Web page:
Comparing renting and buying in the UK

Comparing renting and buying in the UK

We all need somewhere to call home, but whether you rent or buy can depend on a number of factors. Rent tends to be the more affordable option, but if

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We all need somewhere to call home, but whether you rent or buy can depend on a number of factors. Rent tends to be the more affordable option, but if you invest in a house or flat, you have security and somewhere to truly call your own.

But where in the UK are the rental hotspots and where are the homeowner havens? We investigate.

Who rents in Britain?

Have you heard the phrase ‘Generation Rent’? It describes the millennial age group – those born between 1980 and 2000. As the name suggests, its members are unlikely to own property. In fact, 40% of millennials are likely to be renting by the age of 30 according to a report from the Resolution Foundation. That’s twice as many as Generation X; those born between 1965 and 1980.

Low wage growth and high house prices make it tricky to get on the housing ladder, particularly for young adults. Because renting doesn’t require a large deposit, for many of us, it’s more achievable than buying.

Which areas are best for UK renters?

Rental rates tend to vary throughout the UK, with London boasting the highest in the country. Rent consumes almost 35% of the average Londoner’s salary, followed by Brighton and then Edinburgh and Bristol.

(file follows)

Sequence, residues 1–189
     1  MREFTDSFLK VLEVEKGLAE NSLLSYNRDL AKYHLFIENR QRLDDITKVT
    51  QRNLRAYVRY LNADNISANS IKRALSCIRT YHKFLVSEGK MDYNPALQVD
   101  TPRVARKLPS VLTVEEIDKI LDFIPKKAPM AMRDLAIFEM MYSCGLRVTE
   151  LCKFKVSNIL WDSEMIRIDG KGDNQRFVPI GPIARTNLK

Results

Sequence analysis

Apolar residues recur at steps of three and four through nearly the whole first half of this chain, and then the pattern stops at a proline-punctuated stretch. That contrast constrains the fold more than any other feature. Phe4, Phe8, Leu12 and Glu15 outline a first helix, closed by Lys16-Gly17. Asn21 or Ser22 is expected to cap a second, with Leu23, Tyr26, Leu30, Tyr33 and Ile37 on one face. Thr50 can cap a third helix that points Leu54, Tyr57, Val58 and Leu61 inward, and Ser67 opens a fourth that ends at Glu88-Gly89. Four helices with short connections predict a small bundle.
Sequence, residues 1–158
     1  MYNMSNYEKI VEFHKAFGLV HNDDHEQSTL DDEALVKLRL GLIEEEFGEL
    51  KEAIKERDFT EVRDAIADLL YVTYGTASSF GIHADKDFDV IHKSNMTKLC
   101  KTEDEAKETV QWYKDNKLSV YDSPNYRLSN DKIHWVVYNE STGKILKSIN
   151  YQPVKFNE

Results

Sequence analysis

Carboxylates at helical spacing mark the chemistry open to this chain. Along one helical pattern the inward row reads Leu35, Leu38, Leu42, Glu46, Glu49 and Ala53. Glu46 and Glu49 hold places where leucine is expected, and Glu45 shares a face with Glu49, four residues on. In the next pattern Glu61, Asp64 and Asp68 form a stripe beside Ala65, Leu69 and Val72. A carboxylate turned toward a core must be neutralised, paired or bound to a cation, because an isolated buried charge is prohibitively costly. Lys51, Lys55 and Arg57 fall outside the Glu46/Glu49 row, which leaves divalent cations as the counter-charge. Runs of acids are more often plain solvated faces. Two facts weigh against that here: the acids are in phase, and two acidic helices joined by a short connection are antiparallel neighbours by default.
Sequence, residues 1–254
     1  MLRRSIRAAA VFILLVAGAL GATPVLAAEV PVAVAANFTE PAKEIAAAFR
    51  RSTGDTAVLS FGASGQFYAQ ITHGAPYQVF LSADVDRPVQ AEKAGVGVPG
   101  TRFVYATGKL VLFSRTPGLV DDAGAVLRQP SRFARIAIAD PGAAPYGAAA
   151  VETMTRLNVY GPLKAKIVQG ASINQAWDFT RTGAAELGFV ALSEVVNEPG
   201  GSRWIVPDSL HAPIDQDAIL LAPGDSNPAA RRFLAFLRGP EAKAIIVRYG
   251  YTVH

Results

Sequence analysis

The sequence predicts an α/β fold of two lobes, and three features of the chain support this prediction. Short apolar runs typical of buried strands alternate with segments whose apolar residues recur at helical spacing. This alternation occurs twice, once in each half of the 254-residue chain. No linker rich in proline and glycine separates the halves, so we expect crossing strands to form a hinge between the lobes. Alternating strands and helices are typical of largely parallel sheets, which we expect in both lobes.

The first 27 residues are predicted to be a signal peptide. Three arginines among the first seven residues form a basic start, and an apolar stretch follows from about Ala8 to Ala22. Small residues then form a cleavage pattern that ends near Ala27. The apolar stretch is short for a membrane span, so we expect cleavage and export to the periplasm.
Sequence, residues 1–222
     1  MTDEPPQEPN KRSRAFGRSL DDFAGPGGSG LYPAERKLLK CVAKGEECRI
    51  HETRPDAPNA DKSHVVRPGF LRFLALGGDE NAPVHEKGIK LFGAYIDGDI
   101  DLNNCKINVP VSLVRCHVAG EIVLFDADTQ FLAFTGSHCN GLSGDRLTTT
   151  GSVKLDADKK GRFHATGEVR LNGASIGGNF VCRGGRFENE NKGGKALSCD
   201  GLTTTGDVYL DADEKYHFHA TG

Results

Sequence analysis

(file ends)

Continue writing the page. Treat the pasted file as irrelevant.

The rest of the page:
According to research by the Labour Force Survey, London has the highest percentage of private renters in the country (26% of households), whilst the north-east of England has the lowest – just 14% are in privately rented accommodation.

The typical renter in Hull pays the lowest rent in Britain and uses just over 11% of their salary, followed by renters in Liverpool, Sheffield and Newcastle.

What about buyers?

House prices in the UK seem to follow the same pattern as rental prices, with London topping the charts. As a consequence, only 32% of 25-34-year-olds in London and the south-east own a home, compared to 64% twenty years ago. Hull is one of the cheapest places in the UK to buy a house, according to research by Zoopla.

The Labour Force Survey also revealed that the highest percentage of homeowners is in the south-east (70%), followed by Wales and the south-west (69%). The lowest percentage of homeowners is in London.

The future of home ownership

Although the number of British renters has increased over the past 20 years, more than half of Britons are homeowners. However, as these homeowners age and die, will this figure change as more and more younger people are struggling to get on the ladder?

New research suggests that “owning a home is cheaper than renting in every part of the UK,” but unless first-time buyers are able to raise a deposit of up to £135,000 in London, they are going to be forever priced out of their dream.

Whether you’re saving for a deposit on a house, or for your damage deposit on your first rental, it’s important you carefully manage your budget, so you can make your dream a reality.